MANTI — With a few thousand spectators looking on, Jacque Sorenson stood under the bright spotlight on Temple Hill and gave the opening prayer before the last dress rehearsal performance of the Mormon Miracle Pageant Wednesday night.
As a member of the makeup crew, the longtime Manti resident who was born the same year the pageant started in 1967 preferred to stay behind the scenes, but stoically accepted the invitation to pray anyway.
Among her eloquent words, Sorenson expressed gratitude for the last season of the pageant, a thought she had explained a short time earlier in an interview with the Deseret News.
Sorenson's feelings summarized well what many involved with the pageant have felt since The Church of Jesus Christ of Latter-day Saints decided to not continue four of seven large pageants last December.
"It's been part of my life since I can remember, and of course, the soundtrack will forever live in my brain," Sorenson said. "There's a part of relief that hey, maybe we're going to take a family vacation. There's sadness, but there's also acceptance, like that was a good run. … A lot of people have invested lifetimes, but it was something meaningful, so we can let it go."
The Mormon Miracle Pageant, with its rich, half-century history of nightly outdoor performances on the south hillside of the Manti Utah Temple, opens its final season tonight and runs June 14 and 15, then continues from June 18-22. Performances start at 9:30 p.m. Admission is free.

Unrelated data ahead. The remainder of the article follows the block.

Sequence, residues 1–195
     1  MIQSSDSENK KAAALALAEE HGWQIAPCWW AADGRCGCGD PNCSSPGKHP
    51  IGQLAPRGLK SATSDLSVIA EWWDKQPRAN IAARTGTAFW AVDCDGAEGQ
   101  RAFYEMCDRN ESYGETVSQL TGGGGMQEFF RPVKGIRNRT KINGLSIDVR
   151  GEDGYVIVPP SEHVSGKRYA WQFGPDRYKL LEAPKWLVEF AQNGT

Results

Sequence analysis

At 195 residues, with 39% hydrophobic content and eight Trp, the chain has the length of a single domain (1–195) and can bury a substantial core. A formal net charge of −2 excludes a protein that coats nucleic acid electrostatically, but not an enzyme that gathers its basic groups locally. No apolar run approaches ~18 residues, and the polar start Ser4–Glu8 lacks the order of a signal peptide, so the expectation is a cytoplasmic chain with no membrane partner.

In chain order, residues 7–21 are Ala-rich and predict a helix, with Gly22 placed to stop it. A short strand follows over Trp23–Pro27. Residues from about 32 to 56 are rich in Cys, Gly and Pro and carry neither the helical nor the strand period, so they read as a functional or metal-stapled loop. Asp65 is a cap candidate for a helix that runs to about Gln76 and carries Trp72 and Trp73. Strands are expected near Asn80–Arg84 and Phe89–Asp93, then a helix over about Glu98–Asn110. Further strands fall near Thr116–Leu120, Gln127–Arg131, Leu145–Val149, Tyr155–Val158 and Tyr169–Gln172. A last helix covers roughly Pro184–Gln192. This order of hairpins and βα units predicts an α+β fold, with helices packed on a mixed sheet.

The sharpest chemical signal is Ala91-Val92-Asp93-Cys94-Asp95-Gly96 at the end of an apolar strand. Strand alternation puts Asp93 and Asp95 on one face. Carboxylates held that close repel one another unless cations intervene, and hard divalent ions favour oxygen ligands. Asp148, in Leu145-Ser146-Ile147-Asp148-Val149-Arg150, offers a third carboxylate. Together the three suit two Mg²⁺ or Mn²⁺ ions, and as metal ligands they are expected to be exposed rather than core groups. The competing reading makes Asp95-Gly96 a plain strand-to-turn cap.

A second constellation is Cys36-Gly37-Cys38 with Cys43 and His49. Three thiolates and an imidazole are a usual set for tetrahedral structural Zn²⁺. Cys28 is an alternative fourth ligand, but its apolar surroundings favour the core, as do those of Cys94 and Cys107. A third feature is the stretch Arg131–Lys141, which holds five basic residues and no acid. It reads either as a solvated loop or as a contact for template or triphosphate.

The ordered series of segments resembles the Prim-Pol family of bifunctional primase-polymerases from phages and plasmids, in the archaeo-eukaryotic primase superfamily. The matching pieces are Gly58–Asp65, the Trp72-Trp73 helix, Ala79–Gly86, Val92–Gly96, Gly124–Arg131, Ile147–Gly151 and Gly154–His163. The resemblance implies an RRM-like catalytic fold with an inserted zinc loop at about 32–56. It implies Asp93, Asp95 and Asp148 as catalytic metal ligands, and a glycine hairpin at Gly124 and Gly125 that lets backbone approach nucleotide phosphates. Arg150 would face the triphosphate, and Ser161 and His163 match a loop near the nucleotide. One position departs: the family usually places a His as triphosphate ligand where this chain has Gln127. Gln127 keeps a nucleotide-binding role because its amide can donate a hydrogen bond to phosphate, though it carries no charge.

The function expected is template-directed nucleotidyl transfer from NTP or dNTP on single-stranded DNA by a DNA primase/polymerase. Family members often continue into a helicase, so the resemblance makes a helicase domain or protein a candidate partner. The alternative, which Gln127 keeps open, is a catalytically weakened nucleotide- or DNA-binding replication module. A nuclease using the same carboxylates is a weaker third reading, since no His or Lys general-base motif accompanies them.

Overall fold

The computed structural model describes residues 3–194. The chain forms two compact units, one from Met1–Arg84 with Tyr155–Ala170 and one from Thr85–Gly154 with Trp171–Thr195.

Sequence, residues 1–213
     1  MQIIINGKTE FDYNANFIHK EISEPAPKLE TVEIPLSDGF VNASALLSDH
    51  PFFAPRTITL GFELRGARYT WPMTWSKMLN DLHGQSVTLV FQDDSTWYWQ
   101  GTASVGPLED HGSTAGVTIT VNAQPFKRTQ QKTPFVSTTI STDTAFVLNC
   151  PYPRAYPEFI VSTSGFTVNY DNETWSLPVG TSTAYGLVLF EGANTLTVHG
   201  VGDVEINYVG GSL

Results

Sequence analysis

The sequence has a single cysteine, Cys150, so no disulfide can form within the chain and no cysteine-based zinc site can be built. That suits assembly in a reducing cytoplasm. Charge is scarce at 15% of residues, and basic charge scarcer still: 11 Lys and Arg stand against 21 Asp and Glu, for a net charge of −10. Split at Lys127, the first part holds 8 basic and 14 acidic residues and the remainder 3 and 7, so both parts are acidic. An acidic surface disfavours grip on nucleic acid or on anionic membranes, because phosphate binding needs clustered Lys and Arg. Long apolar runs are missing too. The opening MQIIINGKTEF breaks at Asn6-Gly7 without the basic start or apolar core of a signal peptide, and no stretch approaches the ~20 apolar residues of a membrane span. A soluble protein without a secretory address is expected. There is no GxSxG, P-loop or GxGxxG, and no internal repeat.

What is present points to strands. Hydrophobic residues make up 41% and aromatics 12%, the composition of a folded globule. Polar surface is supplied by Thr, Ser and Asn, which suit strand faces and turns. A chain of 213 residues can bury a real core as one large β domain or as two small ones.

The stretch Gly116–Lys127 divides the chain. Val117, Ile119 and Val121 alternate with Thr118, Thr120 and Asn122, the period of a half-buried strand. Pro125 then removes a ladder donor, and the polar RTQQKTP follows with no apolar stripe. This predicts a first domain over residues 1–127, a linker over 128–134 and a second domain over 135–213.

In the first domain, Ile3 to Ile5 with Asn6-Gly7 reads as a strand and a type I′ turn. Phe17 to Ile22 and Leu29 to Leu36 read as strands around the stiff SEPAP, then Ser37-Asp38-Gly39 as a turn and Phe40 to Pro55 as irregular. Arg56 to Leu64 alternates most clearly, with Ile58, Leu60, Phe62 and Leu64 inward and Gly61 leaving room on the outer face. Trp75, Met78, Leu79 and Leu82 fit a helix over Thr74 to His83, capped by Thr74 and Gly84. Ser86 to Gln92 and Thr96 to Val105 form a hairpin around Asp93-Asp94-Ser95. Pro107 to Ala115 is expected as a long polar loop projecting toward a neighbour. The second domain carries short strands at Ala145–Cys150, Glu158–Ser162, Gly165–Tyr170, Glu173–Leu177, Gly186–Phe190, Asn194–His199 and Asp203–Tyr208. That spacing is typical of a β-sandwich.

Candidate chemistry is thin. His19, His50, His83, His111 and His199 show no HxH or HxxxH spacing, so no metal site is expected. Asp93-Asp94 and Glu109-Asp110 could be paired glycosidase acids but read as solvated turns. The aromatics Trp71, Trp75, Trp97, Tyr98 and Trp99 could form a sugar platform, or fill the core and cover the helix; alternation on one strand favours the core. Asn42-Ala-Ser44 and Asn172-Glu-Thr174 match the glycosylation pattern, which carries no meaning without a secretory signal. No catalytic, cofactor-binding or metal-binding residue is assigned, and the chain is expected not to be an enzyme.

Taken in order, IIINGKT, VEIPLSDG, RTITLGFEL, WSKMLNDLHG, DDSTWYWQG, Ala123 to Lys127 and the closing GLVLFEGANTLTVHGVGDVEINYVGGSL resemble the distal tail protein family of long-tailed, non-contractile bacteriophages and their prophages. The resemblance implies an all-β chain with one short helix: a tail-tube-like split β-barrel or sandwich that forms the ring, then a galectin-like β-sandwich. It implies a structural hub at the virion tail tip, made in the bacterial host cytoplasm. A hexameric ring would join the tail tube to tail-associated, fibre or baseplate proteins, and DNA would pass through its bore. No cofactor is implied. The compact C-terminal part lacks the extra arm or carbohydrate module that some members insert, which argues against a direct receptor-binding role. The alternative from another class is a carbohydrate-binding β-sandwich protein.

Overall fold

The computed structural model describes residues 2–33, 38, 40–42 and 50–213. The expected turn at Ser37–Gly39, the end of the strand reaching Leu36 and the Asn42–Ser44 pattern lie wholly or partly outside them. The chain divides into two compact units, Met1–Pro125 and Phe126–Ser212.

The nearly two-hour Latter-day Saint production recounts the Restoration of the gospel, featuring the life and experiences of the Prophet Joseph Smith, the coming forth of the Book of Mormon — complete with Nephite-Lamanite battles and Jesus Christ's appearance in America — and the westward journey of the pioneers.
Although attendance has dipped from more than 110,000 to 75,000 in the last decade or so, Pageant organizers anticipate huge crowds for the final season. This year boasts the largest cast in the pageant's history at more than 1,100, with young people making up the vast majority, said Milton Olsen, the pageant's president.
How the pageant has spiritually influenced thousands of youth cast members is part of its legacy and one of the true miracles of the Mormon Miracle Pageant, Olsen said.
"Our youth are having missionary experiences and experiences with the Spirit," Olsen said. "That's really the most important miracle of all, that it touches hearts and lives in that way, besides those who come to view it."
Many years ago, Olsen was one of those youth. Not only has the president been around the pageant most of his life, but he comes from a four-generation pageant family. At age 15, he played one of his favorite roles as young Joseph Smith. He was selected because the director liked his blond, almost bleached, white hair. The experience cemented his testimony of the Prophet, he said.
Olsen recalled how the church introduced a new policy for cultural celebrations at the end of 2018. The church left the fate of the pageant to Manti area stake presidents who considered options "to appropriately end, modify or continue" the pageant.